Posted on September 13, 2019 by
The UK is set on reducing its emissions of greenhouse gasses to nothing by 2050. Achieving this would make the UK the lowest emitters and cleanest country in the world. But is it a realistic proposal?
It was recorded that in the UK alone around 500 million tonnes of CO2 is being emitted every year. The government has begun pushing to reduce this through guidance from the Committee on Climate Change. A huge motive for reducing emissions comes from a UN reports stating that CO2 emissions must be totally stopped to avoid dangerous changes to the climate.
The UK’s climate minister spoke to the BBC News and shared: “The report was a really stark and sober piece of work — a good piece of work. Now we know what the goal is, and we know what some of the levers are. But for me, the constant question is: what is the cost and who’s going to bear that, both in the UK and in the global economy. The question is: what does government need to do, where can the private sector come in, and what technologies will come through?”
Vindis, who offer VW service deals, has shared the extent of this issue and some of the ways emissions can be reduced.
Improve home insulation
BBC News stated in early 2017 that 80 per cent of the UK’s CO2 emissions had to drop between then and 2050. They recorded that a third of all of all the emissions had come from heating.
The Green Building Council stated in Parliament that 25 million homes will not currently meet the standards of insulation being enforced in 2050, and will need to be replaced to a much higher standard. According to calculations, these findings mean that the rate of refurbishment stood at a rate of 1.4 homes needing to be worked on every minute as of the beginning of 2017.
On top of cutting emissions, good insulation can lead to many more benefits. The Green Building Council’s head Julie Hirigoyen explains: “People will have warmer homes and lower bills; they will live longer, happier lives; we will be able to address climate change and carbon emissions.
“We will also be creating many thousands of jobs and exporting our best skills in innovation.”
Utilise low-carbon fuels
One method that is already being adopted it using low carbon fuels. It is dependent on the public and businesses to utilise this though, and it appears the nation is already assisting in this area.
Imperial College London and The Guardian, reported that the amount of renewable energy in the UK surpassed the quantity of fossil fuels for the first time ever. With the amount of renewable capacity trebling in the same five-year period that fossil fuels decreased by one-third, the capacity of biomass, hydropower, solar and wind power hit 41.9 gigawatts and the capacity of gas, coal and oil-fired power plants recorded in at 41.2 gigawatts between July and September.
The research, carried out by Dr Iain Staffell, noted that: “Britain’s power system is slowly but surely walking away from fossil fuels, and [the quarter between July and September] saw a major milestone on the journey.”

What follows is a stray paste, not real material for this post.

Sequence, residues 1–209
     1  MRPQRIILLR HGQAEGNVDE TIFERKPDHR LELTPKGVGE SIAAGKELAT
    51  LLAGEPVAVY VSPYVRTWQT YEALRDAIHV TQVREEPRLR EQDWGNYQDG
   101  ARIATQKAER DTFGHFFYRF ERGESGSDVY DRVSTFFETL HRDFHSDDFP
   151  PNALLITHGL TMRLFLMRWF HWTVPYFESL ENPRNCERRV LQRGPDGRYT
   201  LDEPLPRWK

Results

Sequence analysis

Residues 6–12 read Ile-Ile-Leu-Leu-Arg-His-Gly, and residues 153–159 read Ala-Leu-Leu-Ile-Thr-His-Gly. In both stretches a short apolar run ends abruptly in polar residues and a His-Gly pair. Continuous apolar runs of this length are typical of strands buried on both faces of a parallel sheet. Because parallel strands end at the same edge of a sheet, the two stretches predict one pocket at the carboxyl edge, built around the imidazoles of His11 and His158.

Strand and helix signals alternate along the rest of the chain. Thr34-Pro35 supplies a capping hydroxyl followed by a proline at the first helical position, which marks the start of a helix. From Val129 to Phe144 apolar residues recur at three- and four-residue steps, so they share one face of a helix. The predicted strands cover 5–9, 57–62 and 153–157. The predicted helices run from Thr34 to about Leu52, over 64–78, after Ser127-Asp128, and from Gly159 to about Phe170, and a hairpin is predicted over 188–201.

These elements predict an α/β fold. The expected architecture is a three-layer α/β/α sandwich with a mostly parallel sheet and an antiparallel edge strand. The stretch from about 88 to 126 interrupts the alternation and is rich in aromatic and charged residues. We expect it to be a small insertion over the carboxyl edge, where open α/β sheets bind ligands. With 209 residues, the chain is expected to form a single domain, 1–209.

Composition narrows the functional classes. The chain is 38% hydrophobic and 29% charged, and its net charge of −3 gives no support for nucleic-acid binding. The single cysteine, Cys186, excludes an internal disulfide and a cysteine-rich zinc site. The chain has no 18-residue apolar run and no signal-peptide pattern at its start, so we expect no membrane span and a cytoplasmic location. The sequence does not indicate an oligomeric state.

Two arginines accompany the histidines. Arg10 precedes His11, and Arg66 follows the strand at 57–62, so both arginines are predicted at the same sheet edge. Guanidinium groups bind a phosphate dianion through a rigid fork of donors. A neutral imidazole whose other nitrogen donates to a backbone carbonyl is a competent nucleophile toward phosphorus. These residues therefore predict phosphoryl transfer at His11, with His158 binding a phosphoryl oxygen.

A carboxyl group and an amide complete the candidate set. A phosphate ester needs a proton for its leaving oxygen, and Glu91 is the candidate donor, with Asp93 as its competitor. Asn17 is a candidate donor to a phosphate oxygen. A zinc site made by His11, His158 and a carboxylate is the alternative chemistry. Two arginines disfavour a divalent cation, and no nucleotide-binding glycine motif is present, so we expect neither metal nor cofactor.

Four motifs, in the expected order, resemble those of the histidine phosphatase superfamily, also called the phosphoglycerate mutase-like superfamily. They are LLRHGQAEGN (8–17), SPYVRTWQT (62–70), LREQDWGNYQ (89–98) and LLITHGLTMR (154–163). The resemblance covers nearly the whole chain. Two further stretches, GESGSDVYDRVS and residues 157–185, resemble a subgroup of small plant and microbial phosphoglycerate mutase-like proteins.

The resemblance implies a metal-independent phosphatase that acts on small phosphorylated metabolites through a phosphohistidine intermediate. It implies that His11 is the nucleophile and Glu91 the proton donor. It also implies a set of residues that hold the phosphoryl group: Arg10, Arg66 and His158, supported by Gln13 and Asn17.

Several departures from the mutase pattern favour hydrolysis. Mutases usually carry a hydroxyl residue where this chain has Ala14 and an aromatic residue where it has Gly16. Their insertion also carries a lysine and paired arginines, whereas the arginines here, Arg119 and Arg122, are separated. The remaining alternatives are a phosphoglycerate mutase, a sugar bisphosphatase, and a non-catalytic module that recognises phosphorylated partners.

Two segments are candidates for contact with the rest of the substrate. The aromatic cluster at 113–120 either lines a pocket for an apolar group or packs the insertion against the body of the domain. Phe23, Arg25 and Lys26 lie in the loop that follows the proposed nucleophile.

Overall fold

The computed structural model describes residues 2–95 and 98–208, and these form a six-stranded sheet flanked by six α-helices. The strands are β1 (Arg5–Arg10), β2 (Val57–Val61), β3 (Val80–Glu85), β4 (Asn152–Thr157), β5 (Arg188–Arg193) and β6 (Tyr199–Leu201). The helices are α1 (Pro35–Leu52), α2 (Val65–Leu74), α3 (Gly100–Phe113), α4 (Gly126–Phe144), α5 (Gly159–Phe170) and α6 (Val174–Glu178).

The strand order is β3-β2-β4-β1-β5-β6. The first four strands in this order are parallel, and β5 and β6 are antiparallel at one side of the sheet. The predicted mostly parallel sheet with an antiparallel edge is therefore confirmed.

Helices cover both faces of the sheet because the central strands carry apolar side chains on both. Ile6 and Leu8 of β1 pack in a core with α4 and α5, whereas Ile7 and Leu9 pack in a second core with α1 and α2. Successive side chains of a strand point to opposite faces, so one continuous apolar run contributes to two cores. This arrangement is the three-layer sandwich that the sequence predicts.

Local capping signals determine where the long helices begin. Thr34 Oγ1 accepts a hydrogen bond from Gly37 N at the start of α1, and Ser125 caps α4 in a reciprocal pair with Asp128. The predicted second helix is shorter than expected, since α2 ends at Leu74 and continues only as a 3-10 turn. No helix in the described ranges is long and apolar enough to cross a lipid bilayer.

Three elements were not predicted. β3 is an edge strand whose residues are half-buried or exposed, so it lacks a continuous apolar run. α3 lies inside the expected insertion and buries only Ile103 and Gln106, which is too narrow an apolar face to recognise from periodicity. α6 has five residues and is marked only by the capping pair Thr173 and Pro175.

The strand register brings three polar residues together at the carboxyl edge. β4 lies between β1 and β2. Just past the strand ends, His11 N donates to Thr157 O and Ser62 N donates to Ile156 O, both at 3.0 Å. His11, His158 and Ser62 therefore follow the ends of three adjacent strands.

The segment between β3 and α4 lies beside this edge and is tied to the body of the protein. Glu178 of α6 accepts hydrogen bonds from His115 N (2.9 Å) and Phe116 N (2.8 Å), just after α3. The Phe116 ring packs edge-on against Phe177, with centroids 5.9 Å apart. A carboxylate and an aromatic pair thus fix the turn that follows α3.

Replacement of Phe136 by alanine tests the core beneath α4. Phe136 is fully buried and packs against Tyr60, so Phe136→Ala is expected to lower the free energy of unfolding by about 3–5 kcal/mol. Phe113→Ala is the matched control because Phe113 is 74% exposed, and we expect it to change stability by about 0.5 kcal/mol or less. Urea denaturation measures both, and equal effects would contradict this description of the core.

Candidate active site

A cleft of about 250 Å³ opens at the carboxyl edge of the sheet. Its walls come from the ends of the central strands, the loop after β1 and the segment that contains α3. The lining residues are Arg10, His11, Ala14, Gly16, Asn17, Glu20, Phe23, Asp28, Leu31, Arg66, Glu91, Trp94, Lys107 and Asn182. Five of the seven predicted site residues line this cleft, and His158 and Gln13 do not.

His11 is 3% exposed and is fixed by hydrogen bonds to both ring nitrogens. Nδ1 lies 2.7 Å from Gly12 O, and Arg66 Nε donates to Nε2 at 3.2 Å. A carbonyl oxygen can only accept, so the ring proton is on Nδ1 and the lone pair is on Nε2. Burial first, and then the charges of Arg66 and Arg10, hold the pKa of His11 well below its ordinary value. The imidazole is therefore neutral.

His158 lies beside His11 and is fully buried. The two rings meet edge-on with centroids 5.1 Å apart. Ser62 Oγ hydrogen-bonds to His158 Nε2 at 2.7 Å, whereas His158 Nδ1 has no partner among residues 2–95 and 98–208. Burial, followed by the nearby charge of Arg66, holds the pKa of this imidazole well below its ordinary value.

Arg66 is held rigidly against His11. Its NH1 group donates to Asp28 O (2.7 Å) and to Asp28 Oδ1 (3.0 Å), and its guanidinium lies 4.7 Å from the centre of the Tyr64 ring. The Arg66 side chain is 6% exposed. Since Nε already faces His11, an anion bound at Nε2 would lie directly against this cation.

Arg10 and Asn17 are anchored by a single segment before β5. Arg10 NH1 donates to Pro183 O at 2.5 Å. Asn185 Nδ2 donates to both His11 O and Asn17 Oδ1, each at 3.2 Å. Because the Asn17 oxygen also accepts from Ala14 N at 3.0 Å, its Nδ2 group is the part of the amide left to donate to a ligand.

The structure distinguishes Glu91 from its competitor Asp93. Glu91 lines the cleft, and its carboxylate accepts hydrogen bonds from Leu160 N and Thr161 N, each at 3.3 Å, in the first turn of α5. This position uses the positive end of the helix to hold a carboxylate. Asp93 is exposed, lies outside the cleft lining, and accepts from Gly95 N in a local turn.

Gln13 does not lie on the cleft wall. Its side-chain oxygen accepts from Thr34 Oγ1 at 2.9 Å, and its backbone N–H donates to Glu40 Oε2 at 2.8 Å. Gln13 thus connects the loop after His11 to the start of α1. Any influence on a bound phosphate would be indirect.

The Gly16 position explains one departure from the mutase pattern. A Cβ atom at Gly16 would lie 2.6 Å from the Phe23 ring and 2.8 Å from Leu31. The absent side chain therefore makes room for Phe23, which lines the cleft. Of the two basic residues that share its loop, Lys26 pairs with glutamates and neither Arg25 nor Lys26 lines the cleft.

Once again, a record was also set in 2018 in the UK where they managed to be without coal power for three days, or 76 consecutive hours. This was before a report from Imperial College London which was commissioned by Drax suggested that coal supplied only 1.3 per cent of Britain’s entire use of electricity during the second quarter of 2018 — furnaces based at coal-fired power stations throughout the country were completely unused for 12 days in June last year too.
Purchase fuel-efficient vehicles
New diesel and petrol vans and cars will be banned across the UK from 2040.Despite many years still to wait before this is enforced, it seems many Brits are already exploring what alternative-fuel vehicles are out there e.g. LPG powered vehicles.
Next Green Car reports that the registrations of new plug-in cars have jumped from only 3,500 to over 195,000 in just the six years from 2013. Furthermore, figures released by the Society of Motor Manufacturers and Traders highlighted that electric car sales across the UK has shifted from only close to 500 being registered each month in the early part of 2014 to an average of 5,000 per month throughout 2018.
The British road infrastructure is improving as well and is able to hold more alternative-fuel vehicles, thanks to ongoing private and government investment. While the UK’s network of electric vehicle charging points was recorded in at just a few hundred units as of 2011, there had been more than 5,800 charging locations, 9,800 charging devices and 16,700 connectors installed by June 2018.
Despite only 6.84 per cent of the UK car market being alternative-fuel vehicles, it seems that the trend in their number is increasing. The UK is on the right track to heavily reduce carbon emissions.
The ambition of reaching an emission count of zero is admirable, but a huge challenge too. Fortunately, some of the examples covered in this article do suggest that efforts are being made to ensure the nation reaches its goal.